The Metropolis Bleu Literary Festival is hitting Montreal this week and for the first time since I moved to this city teeming with culture and life, I managed to drag myself to an event. The Quebec Writers’ Federation hosted a panel discussion where three local writers, Gail Scott, Peter Dubé and Teri Vlassopoulos, spoke about how the city influenced their work.
In her works, Scott used the feel of the Mile End and Plateau area of Montreal as her stepping stone into her characters’ minds. Without the staple Montreal triplex as the set for her story, her characters wouldn’t have popped to life in the same way. Vlassopoulos agreed and mentioned that in her first attempts of writing fiction was set in her hometown Toronto, but she tried to avoid prominent landmarks or signature locations, thinking that it would be easier for her readers to respond to the story if it wasn’t obviously set in a place they hadn’t been. Instead, it fell flat. Only by bringing the taste of suburban Toronto back into the story did she make it resonate with her readers.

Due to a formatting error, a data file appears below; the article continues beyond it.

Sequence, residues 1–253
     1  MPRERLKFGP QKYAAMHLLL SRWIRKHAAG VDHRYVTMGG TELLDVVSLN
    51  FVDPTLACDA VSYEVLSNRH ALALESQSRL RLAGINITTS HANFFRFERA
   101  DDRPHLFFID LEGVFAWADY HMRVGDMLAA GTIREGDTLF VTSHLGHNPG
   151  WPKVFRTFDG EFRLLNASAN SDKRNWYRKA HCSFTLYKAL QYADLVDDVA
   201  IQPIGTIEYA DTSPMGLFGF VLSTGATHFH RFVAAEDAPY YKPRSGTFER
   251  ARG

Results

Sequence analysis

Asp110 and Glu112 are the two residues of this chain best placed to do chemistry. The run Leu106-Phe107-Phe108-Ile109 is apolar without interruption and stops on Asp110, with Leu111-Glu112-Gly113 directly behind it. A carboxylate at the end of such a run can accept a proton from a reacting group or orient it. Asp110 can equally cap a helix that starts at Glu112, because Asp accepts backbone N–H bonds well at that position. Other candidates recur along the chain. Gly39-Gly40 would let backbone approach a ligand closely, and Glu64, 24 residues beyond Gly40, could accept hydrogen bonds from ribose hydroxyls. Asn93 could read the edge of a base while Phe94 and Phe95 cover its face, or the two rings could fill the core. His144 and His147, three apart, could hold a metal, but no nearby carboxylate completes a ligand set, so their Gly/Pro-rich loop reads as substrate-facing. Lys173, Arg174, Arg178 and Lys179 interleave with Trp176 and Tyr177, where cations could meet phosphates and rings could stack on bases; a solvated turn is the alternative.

But the city is much more than just a setting. It can be its own character. The cadence of bi-cultural Montreal, with Quebecois swearing thrown in with the English. The smell of early Saturday morning dirt as you wander home through the windy streets. The outside staircases snaking its way around old buildings. The change in tone and culture from East to West, from one neighborhood to another. Of course it would influence the way your characters think. The city is saturated with impressions, with sights and sounds and smells. It would be a shame to rob your characters of their background.
The same goes for other cities. Dubé wrote from 1930’s Paris, using the tradition of surrealism prominent in that era as the backdrop for his story. The walls between reality and fantasy grow thin in his work, and he utilizes both time and place to set the mood for his story.
Scott also talked about how one could use the city as a way into the story itself. Catching the sounds of English in French, juggling cadences, wandering the streets till you see exactly where you want your story to go. Use the city as your plot chart and let yourself go.
The city can be a mirror to reflect what you want in your characters. As Vlassopoulos experienced, using the city as foil to bring your story across to the readers is much preferable to setting your story in a landscape that could be anywhere. After all, you want to bring your readers to another place, not just take them on a narrative journey from A to Z.
Is the city a character in your stories? How does the backdrop of your story interact with your characters?